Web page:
Pointing to Gov. Gretchen Whitmer and U.S. Sen. Debbie Stabenow’s win in 2018, among the other Democratic success, the DNC said Michigan is a prime example of using the top of the ticket [regardless of the nominee] to help other Democratic candidates on the ballot.
That investment and dedication of more staff in Michigan to help the presidential nominee could end up helping U.S. Sen. Gary Peters, D-MI, who is facing GOP-candidate John James. James first ran against Stabenow during the midterm elections and has since become a GOP-favorite, appearing several times with Vice President Mike Pence and President Trump during swings through the state, both in 2018 and again this cycle.
“We began those investments in earnest in 2017. We were proud to work in concern with the Michigan Democratic Party in the run up to 2018. We made unprecedented investments, you know in the seven figures, in helping democrats win up and down the ballot in Michigan,” Perez said. “The beauty of making those investments is they become a virtuous cycle.”
James has raised more dollars than Peters the last two quarters, but has yet to really start campaigning in Michigan with public events. He made his announcement on Fox News last fall, and then spoke to me about his decision to run again the next day.
Will these new DNC investments – which are on top of the midterm investments the DNC already made in Michigan – help Peters in his bid to stay in the U.S. Senate? We will have to wait and see. Perez said there’s a reason the DNC is making these investments now and he said his confidence continues to rise as Michigan’s role is emphasized in the 2020 election.
“This phase is being launched far earlier than ever before and it’s being launched earlier because I don’t want to waste any time,” he said. “I am confident that this infrastructure is going to be very, very helpful in taking back Michigan in November.”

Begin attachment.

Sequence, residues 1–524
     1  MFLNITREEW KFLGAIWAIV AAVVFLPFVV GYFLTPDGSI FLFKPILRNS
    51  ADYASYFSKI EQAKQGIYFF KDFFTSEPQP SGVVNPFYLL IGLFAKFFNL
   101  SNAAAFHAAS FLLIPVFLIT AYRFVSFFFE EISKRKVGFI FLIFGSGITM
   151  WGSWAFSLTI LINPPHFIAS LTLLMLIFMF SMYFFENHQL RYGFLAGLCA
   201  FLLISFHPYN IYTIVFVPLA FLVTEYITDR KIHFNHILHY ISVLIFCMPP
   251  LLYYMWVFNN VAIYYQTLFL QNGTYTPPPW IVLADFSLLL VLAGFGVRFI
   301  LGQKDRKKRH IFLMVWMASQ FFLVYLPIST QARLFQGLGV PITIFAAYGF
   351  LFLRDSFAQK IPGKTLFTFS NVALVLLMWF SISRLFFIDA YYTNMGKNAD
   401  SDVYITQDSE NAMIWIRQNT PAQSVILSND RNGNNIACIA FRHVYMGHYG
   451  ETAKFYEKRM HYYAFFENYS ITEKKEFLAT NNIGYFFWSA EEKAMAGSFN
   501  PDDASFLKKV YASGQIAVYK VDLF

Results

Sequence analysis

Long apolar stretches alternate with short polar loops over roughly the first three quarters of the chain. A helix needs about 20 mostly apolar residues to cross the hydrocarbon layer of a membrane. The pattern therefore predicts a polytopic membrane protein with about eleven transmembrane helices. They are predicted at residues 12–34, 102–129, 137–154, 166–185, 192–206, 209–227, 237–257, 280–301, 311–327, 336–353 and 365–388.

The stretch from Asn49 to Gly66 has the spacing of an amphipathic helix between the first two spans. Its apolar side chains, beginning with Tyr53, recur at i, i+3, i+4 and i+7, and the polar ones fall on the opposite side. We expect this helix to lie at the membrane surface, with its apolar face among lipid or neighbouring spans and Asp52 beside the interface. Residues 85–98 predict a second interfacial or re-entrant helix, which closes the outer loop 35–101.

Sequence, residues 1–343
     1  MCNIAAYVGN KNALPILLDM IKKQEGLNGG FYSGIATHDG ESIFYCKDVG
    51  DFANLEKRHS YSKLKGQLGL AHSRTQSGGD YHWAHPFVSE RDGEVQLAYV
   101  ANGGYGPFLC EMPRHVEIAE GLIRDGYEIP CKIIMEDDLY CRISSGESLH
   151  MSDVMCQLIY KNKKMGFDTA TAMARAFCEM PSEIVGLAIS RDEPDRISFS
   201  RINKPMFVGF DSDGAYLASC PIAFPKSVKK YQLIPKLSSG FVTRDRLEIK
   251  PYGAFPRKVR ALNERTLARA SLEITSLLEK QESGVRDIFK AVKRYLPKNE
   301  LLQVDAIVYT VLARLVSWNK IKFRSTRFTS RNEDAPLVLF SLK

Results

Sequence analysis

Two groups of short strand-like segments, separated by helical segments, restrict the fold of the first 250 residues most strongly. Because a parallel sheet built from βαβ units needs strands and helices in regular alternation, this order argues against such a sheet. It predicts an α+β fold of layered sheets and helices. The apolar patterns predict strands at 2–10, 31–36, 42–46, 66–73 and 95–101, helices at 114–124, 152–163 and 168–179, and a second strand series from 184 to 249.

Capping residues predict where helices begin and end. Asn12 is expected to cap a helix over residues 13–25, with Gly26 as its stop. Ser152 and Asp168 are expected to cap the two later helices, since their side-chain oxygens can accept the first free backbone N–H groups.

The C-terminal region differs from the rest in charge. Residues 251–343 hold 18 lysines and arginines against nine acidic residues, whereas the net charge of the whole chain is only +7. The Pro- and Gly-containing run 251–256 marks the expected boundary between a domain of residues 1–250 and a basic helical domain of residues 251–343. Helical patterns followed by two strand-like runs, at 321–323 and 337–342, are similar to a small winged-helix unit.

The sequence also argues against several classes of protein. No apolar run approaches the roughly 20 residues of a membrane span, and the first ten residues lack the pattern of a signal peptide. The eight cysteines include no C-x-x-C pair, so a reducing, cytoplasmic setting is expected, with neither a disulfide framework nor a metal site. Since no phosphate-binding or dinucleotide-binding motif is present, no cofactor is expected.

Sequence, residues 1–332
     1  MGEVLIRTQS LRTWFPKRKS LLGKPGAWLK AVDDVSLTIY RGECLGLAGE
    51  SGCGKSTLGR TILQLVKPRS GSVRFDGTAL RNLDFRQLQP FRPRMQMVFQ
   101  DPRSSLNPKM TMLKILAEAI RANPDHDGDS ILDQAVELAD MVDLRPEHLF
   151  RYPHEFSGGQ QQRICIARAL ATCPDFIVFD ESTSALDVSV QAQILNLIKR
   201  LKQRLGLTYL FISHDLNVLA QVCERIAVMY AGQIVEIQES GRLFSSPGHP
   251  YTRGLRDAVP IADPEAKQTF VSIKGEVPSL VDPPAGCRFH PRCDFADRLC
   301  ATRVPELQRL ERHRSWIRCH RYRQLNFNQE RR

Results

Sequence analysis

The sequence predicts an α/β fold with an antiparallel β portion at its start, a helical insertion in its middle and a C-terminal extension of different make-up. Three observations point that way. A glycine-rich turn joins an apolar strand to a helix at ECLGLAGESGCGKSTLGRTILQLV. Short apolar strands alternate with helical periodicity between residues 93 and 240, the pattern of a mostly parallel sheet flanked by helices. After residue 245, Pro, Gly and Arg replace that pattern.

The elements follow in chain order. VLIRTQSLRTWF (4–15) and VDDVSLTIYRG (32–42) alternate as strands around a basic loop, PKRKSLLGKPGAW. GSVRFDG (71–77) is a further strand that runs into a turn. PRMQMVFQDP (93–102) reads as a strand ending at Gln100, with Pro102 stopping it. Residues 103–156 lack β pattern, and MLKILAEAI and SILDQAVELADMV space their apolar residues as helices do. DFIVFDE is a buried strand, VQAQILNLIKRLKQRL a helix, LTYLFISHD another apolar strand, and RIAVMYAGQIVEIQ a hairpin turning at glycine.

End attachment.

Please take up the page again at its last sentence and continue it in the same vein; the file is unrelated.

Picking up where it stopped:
Iowa and beyond
The renewed focus and push comes a week and a half before the Iowa Caucus - the first chance to see where the candidates stand with Democratic voters and two and a half weeks before Michigan's primary election.
Up for grabs on March 10 when Michigan voters head to the polls - 125 pledged delegates. While Michigan's primary date and delegates are dwarfed by Super Tuesday the week before, with 1,344 delegates between several states on the table, Michigan's primary won't be one to miss.
The final nominee won't officially be chosen until July, during the DNC Convention in Milwaukee July 13-16. If you haven't made your mind up yet, don't fret. There's another debate schedule for Friday Feb. 7, 2020 at St. Anslem College in Manchester, New Hampshire. The debate is hosted by ABC News, WMUR-TV - the ABC affiliate in Manchester, and Apple News.
Moderators: ABC News Chief Anchor George Stephanopoulos, World News Tonight anchor David Muir, ABC News Correspondent Linsey Davis, WMUR-TV Political Director Adam Sexton, and WMUR-TV News Anchor Monica Hernandez.
Qualifications: Candidates have a slightly modified route to get to the debate stage this time around. In addition to the first pathway to the stage with polling numbers and grassroots donation thresholds, candidates will now have another route. Anyone who is awarded at least one pledged delegate to the Democratic National Convention based on the results of the Iowa Caucuses, as reported by the Iowa Democratic Party, will be able to participate.
The Iowa Caucus will take place Feb. 3 and 41 pledged delegates are up for grabs. Candidates have until 11:59 p.m. on Feb. 6 to qualify.
Before Michigan's primary though, there will be two more debates in February:
If you want to stay up to date on Iowa - you're in luck. I'll be there next weekend through the caucus. Bookmark this blog and check back.
The first debate of 2020 is done and it was filled with the smallest field of candidates on stage and the least diverse to date.
But front and center on stage - the issue of gender. The quasi-feud between Senators Elizabeth Warren and Bernie Sanders stems from a conversation that allegedly took place in 2018. Warren said Sanders told her he didn't think a woman could win the presidential election.
When pressed on the issue Tuesday night, Sanders said it didn't happen.
Regardless of what happen, it put electability on full display as the candidates tried to hash out their differences on the debate stage. And when we talk about electability, we talk about gender and the underlying sexist connotations that come with that conversation.